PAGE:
New Restaurant Reviews: Three Letters Asks 'Parlez-Vous Brooklyn?'; Cata Serves Sublime Paella

Categories: Under Review

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Mark Hewko

This week, our critics were equally charmed by a petite French bistro and a bustling Bowery tapas joint. Robert Sietsema dug into a mussels poutine at Three Letters in Clinton Hill, while Tejal Rao scooped up hearty bites of paella at Cata on the Lower East Side.

Will the professionals go back for second helpings? Read on to find out.

Down on the Bowery, Tejal Rao reminds us that "paella should taste better than it looks," and Cata's renditions do just that. Our critic favors the rustic Spanish restaurant and notes that "it may require some effort to eat poorly at Cata."

She also says:

Cata's paella is all about the traditional bomba rice, that firm Spanish variety, sweet here with sofrito, savory with duck stock, brown and crisp along the edges. You'll want to steady the hot pan with a folded cloth napkin so you can scrape every last grain from its surface.

The crisp patatas bravas ($7.50) make a case for foams on your food--they're served with a lovely, dense froth of aioli that works like a fluffy mayonnaise. There is kale ($8), of course, whole leaves with edges blackened on the grill, dressed lightly in buttermilk. Cata's version of baked oysters ($11) involves a golden crust of bread crumbs and bone marrow, but the oysters tucked underneath remain fat and juicy.

And while Rao also enjoys Cata's sister spot, Alta, the new restaurant proves to be more inviting:

Cata is fresher than its sister--lighter, brighter, more informal. The metal barstools can be slippery, and there's always the risk of a little awkwardness at the long communal tables, but service is proficient and the dining room isn't crowded, with huge windows looking onto Stanton Street, letting in the light. Who knew this corner space was so beautiful?

The kitchen at Three Letters steers away from "a predictable collection of recipes," says Sietsema, resulting in an overall experience that's more L Train than Left Bank. But that can be a good thing.

He writes:

Take the classic moules frites, offered in a dozen standard variations in Paris. Here, copping a craze from Francophone Montreal, it has been reinterpreted as mussels poutine ($8): a few bouncy specimens riding atop fries doused with a thin mushroom demi-glace.

And the kitchen excels at other dishes, as well:

More succulent is chicken St. James, which arrives littered with garlic cloves and broccoli as if the bird had flown into a roadside farm stand. But underneath is the real payoff: a mushy pavement of pommes alene, which just might be the best cheesy potatoes you've ever eaten.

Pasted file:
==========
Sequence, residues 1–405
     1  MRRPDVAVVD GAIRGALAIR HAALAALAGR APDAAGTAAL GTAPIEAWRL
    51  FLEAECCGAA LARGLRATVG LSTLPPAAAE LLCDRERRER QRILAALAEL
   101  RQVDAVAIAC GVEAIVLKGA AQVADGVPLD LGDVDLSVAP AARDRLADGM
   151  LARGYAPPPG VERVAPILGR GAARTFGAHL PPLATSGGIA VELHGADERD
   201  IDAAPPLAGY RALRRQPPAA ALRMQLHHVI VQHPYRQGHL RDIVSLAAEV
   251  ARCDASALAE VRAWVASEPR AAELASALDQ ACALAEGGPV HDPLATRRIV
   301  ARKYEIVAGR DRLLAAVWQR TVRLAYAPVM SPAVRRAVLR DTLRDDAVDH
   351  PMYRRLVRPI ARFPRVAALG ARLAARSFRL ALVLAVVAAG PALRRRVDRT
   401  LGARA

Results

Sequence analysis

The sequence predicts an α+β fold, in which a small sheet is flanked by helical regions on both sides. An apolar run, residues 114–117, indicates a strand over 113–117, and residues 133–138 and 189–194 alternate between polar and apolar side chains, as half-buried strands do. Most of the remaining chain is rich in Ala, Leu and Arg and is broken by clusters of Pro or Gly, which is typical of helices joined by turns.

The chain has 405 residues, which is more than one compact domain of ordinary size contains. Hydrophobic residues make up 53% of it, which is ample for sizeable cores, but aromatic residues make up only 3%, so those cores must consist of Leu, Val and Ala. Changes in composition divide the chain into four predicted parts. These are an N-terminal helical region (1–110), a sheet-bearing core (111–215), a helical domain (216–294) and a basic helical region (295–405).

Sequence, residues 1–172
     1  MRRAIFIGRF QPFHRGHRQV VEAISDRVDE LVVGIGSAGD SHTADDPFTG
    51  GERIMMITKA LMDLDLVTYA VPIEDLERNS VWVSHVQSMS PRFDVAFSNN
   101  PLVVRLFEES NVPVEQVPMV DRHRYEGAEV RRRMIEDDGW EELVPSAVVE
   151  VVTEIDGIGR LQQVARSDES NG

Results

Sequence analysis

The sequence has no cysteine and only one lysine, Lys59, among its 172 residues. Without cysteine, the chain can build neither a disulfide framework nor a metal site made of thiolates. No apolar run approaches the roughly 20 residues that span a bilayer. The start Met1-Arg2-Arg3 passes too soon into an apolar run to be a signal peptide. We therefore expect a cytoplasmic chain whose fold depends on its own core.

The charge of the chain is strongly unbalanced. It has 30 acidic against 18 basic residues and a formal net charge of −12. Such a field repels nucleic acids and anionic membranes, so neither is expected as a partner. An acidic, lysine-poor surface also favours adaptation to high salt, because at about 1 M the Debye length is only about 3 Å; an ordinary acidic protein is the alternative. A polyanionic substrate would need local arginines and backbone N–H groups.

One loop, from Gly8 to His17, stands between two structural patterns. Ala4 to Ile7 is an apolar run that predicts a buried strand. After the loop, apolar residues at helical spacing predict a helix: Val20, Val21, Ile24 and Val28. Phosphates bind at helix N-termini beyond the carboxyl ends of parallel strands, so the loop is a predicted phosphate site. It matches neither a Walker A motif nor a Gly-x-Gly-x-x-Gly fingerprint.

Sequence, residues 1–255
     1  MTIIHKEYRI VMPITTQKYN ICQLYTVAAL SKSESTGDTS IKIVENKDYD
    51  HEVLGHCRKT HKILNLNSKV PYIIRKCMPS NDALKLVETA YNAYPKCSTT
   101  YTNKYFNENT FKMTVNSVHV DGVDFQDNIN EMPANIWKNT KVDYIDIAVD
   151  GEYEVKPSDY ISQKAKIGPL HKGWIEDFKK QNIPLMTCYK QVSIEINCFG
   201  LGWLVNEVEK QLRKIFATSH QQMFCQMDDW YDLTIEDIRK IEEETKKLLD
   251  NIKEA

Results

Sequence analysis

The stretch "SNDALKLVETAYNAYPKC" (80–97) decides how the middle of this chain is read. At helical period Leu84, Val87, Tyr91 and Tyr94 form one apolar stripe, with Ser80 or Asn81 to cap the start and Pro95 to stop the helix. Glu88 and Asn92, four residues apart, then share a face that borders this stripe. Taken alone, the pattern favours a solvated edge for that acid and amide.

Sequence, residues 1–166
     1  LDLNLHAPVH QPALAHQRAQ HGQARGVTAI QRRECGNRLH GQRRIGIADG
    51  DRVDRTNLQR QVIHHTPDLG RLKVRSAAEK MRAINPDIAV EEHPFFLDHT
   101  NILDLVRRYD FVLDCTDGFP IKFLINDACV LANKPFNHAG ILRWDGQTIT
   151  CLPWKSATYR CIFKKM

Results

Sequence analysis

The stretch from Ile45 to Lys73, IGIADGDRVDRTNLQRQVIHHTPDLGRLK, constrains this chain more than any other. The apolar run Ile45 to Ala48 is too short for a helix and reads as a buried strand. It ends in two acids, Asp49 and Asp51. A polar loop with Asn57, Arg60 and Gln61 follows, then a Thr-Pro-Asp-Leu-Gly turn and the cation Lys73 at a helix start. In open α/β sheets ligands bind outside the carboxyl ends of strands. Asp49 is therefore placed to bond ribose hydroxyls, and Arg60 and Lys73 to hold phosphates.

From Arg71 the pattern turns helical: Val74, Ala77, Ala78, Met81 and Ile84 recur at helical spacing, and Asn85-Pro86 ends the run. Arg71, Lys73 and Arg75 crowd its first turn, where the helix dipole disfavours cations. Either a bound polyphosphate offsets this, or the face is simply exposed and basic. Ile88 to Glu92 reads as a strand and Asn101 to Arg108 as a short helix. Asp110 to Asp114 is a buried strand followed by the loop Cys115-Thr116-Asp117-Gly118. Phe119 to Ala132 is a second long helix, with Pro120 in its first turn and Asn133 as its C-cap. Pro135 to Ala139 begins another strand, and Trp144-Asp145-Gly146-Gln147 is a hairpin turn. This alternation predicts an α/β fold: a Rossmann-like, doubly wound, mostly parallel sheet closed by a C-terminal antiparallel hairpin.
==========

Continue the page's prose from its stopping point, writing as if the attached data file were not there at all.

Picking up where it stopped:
The borough's influences continue to poke through in playfully enjoyable ways:

This being Brooklyn, homemade pickles can be ordered separately, either plain or deep-fried--the latter an odd departure from the French theme. Pickles also come with many dishes, including a pâté de campagne that would be perfect if the cool slab weren't nearly salt-free.


Meanwhile, the city's other professional diners were equally busy this week. At the NY Times, Pete Wells was the latest critic to sample (and favor) the "fresh-killed" chicken at Hanjan in Koreatown. He declares chef and owner Hooni Kim "the city's leading interpreter of Korean cuisine," and awards the restaurant two stars.

At Time Out, Jay Cheshes writes that at Filipino restaurant Jeepney, "everything comes with a story behind it." And that story is a good one. Cheshes says that "most dishes are likely to make converts of adventurous diners discovering them here for the first time."

"Harlow brings life and laughter --and intermittently strong, globally tinted seafood -- to East Midtown, a zone that after dark feels as dead as downtown Des Moines," writes Steve Cuozzo. However, the NY Post critic appears to be more interested in the scene at the midtown restaurant ("you might run into your boss, your ex-spouse, or even your current spouse"), than the food.

Michael Kaminer describes his meal at the revamped Beatrice Inn as "almost defiantly awful." But, as fans of its former iteration know (and others will quickly learn), "no one's here for the food."

At NY Mag, Robin Raisfeld and Rob Patronite found much to love at Mama Joy's, a new Southern gastropub in Bushwick. The kitchen turns out gutbombing dishes--"tender stout-braised short ribs with sautéed cabbage and cheesy mashed potatoes, pot roast with sweet parsnip purée and roasted carrots, mac 'n' cheese with duck confit, and chicken and dumplings rescued from potential blandness by a mega-blast of cracked peppercorns" -- so bring an appetite and an elastic waistband. They also enjoyed Soho's Café à la Carte at Hotel Particulier, where "the care taken with the food and the unique atmosphere make for an entirely civilized experience."


Location Info

Cata

245 Bowery, New York, NY

Category: Restaurant

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